Processes and quantification of CaCO3 fabric-specific layering at hot springs and its environmental implications


Continental carbonate spring deposits can be sensitive records of terrestrial environmental changes due to their very fast CaCO3 precipitation rates and different scales of banding (‘layering’). This study focuses on changes in CaCO3 fabrics and mineralogy that result in typical travertine layering in both recent and ancient deposits.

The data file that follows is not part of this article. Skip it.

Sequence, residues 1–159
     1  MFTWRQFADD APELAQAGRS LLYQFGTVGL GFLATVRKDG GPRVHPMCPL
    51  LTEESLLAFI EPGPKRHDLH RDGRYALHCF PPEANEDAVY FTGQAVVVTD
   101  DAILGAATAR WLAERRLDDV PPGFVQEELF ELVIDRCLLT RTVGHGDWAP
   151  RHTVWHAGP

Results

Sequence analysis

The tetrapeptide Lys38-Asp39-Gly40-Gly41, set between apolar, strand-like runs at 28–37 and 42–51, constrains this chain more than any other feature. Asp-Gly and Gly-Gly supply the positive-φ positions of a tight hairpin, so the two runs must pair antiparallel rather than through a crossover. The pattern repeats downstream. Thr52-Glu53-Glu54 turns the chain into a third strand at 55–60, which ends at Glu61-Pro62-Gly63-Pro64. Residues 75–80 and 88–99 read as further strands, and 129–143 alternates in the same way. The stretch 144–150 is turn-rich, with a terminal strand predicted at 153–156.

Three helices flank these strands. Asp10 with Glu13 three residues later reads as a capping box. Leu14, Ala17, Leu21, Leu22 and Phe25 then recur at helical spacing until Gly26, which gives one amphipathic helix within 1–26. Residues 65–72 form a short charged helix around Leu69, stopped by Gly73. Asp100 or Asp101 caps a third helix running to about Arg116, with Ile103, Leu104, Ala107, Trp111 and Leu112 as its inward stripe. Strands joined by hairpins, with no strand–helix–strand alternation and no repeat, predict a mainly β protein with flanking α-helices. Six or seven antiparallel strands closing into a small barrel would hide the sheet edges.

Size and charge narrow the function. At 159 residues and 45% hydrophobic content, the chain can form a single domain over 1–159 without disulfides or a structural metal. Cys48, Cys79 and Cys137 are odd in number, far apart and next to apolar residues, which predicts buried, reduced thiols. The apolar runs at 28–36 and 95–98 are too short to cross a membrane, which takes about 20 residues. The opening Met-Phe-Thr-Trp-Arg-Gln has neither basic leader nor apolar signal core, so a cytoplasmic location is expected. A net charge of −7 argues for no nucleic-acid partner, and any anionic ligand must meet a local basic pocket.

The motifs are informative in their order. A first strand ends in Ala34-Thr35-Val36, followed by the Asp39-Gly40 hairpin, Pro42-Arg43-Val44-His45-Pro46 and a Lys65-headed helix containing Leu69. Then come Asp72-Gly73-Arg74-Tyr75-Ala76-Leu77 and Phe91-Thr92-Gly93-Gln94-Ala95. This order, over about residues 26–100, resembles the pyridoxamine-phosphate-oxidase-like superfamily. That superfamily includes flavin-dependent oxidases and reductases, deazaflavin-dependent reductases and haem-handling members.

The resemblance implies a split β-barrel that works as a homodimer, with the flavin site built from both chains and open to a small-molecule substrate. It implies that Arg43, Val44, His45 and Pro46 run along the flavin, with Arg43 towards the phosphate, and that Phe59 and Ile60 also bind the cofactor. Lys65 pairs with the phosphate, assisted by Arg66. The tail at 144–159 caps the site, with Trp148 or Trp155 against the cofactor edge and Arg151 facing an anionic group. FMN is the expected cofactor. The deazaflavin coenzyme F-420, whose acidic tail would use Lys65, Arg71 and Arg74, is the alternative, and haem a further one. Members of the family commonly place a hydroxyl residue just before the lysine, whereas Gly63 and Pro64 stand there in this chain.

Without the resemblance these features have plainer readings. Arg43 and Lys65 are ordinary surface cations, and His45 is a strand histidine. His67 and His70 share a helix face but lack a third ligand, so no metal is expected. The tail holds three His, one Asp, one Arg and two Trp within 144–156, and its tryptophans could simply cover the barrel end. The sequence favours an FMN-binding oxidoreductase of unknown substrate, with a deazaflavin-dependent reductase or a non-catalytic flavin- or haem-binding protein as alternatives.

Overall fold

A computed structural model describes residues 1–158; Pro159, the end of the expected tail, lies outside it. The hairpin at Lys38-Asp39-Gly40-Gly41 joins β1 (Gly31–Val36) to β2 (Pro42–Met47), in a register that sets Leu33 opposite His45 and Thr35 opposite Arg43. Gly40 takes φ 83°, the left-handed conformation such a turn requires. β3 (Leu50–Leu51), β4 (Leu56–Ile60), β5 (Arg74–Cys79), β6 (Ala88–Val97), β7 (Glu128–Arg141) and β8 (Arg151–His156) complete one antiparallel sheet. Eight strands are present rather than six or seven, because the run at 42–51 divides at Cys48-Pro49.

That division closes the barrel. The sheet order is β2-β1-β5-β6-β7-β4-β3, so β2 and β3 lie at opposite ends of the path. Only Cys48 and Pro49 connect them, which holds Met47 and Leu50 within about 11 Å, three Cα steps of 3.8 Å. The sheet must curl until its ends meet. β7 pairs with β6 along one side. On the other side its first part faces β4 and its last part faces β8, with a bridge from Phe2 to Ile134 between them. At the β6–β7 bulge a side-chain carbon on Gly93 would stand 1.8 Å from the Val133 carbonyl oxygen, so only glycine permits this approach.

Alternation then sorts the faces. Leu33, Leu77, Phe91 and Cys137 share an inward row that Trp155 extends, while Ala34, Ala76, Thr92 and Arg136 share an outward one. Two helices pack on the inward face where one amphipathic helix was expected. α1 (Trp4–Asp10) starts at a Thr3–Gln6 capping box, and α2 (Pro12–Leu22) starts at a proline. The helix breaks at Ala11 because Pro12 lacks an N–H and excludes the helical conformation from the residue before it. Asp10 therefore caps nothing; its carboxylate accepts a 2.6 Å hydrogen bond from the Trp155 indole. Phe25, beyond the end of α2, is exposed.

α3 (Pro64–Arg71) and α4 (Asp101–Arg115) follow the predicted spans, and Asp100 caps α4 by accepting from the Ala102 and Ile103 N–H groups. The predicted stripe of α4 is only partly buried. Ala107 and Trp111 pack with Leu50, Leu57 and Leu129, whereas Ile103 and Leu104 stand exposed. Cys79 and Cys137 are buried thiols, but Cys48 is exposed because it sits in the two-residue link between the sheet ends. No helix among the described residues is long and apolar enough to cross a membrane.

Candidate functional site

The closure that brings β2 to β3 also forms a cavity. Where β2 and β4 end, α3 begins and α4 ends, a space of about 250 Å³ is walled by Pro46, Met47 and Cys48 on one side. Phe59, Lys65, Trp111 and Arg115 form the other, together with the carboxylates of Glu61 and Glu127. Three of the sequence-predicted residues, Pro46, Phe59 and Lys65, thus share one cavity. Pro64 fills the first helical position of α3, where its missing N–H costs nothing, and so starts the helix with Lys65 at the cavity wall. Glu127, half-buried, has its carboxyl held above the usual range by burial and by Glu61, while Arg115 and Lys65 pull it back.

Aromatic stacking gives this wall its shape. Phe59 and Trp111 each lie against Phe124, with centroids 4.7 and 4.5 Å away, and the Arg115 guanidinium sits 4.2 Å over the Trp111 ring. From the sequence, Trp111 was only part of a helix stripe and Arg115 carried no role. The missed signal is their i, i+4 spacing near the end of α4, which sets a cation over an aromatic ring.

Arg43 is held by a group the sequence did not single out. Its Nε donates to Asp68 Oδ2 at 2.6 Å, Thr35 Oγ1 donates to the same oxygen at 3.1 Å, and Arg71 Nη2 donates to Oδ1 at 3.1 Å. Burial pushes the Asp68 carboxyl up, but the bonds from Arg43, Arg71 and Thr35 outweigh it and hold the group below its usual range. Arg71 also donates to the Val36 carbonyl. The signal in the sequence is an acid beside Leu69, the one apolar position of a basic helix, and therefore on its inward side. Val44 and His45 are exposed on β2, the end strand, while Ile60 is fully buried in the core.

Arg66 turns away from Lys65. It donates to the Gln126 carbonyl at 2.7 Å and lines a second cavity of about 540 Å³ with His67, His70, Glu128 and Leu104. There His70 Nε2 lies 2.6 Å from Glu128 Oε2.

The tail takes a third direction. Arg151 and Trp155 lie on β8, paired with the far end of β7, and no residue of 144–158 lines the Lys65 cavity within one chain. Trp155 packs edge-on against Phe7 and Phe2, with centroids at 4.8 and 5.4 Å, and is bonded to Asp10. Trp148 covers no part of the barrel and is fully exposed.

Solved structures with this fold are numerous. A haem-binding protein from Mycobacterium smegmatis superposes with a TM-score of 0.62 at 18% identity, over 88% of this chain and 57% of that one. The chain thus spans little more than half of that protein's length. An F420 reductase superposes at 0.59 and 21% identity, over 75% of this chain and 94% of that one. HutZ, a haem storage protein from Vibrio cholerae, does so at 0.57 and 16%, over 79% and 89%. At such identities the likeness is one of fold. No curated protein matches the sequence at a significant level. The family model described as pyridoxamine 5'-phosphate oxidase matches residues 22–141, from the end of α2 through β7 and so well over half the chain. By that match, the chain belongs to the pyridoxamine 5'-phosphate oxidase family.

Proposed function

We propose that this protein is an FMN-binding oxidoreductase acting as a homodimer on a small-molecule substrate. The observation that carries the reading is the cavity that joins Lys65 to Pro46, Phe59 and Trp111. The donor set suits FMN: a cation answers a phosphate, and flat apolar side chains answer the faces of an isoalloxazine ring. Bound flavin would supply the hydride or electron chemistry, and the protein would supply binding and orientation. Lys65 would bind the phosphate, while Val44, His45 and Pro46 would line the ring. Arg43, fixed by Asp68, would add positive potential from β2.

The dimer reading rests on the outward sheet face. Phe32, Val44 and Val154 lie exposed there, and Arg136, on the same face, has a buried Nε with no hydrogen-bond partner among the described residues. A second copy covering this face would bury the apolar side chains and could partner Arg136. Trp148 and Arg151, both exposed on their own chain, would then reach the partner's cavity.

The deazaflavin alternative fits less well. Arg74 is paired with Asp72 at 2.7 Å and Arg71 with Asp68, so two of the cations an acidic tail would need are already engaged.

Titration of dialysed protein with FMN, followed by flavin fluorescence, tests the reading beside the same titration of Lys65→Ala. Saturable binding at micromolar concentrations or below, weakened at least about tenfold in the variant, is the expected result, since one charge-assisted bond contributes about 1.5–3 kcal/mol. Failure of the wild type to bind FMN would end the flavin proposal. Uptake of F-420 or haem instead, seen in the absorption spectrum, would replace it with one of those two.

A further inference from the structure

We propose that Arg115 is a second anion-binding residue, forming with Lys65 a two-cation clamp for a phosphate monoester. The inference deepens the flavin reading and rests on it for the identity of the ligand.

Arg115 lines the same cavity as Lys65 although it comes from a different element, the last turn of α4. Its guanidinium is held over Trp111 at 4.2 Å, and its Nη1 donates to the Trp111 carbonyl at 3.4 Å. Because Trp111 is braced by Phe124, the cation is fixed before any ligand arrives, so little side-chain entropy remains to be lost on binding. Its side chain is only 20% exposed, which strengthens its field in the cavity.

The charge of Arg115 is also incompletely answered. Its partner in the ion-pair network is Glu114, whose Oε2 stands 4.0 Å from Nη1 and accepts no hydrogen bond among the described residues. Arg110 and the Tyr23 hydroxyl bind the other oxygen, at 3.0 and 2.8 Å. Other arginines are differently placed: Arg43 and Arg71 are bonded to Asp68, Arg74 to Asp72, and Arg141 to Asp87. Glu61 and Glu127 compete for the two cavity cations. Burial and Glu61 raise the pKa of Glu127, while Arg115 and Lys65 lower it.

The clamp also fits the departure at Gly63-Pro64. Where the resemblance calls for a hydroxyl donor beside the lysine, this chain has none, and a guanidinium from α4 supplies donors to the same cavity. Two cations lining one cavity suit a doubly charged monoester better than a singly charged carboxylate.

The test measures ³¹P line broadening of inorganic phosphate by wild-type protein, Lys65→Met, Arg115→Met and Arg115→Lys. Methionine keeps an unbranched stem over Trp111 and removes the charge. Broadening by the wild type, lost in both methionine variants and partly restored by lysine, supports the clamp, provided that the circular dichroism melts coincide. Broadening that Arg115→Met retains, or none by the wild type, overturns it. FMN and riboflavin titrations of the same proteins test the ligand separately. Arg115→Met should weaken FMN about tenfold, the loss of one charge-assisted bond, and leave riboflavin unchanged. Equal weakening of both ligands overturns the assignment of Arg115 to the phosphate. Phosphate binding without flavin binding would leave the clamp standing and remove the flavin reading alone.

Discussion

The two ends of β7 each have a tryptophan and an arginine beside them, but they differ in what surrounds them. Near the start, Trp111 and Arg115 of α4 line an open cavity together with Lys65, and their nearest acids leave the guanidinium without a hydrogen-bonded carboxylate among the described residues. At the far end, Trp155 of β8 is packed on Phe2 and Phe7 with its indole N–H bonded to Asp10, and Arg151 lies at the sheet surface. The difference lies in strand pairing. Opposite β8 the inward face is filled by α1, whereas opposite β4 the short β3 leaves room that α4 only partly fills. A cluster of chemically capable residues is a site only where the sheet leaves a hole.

The layered nature has been linked to changes in water composition, precipitation rate or the nature and activity of organisms inhabiting the springs. These parameters, on their turn, may reflect environmental changes. We investigate how changes in temperature, water composition, flow and presence of micro-organisms affects fabrics at micron- to decimeter scale, resulting in travertine laminae. In addition, the impact of early diagenesis on crystal texture and preservation of geochemical signals is addressed. To achieve this, we apply detailed field monitoring of springs and carbonate precipitation (suite of water chemistry parameters, precipitation rates) together with controlled, laboratory experiments and petrography, 3D micro-CT imaging, carbonate geochemistry and mineralogy. The results will finally be used to verify carbonate precipitation rate laws for conditions representative of terrestrial carbonate spring systems where the presence and activity of biota may play a role.